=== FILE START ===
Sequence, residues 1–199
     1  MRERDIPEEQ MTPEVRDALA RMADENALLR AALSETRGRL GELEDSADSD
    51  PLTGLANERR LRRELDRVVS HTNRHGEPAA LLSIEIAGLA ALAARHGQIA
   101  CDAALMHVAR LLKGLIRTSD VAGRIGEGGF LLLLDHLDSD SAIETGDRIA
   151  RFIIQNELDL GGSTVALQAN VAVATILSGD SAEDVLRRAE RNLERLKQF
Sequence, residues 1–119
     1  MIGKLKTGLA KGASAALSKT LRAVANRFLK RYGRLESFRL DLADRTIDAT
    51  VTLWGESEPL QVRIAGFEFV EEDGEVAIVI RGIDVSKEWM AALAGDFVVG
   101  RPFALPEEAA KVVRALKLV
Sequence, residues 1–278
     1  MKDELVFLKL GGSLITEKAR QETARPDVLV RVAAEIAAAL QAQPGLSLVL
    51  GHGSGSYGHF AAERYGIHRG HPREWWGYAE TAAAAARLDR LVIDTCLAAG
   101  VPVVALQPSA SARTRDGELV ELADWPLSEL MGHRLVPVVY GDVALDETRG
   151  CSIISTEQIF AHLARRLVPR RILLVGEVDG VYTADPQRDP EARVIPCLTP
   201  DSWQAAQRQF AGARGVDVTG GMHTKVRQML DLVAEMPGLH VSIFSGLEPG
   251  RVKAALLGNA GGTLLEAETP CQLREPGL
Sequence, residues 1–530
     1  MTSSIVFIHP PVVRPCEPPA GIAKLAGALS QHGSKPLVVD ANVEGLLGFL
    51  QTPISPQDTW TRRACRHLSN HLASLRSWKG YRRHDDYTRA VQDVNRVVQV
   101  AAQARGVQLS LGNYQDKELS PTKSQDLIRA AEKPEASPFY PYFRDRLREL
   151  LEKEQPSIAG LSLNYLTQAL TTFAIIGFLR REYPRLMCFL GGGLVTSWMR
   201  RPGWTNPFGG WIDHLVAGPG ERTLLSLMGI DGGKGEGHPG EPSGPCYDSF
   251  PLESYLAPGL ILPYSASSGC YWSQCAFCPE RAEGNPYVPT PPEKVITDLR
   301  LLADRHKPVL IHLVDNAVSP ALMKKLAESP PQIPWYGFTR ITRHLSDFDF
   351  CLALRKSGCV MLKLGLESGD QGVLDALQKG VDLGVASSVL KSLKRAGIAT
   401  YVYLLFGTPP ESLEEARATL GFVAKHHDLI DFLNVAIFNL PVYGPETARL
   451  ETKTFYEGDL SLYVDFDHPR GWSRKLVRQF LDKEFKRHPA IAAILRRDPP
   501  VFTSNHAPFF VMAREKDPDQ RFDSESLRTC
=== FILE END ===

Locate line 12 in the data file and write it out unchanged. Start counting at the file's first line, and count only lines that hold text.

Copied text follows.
    51  GHGSGSYGHF AAERYGIHRG HPREWWGYAE TAAAAARLDR LVIDTCLAAG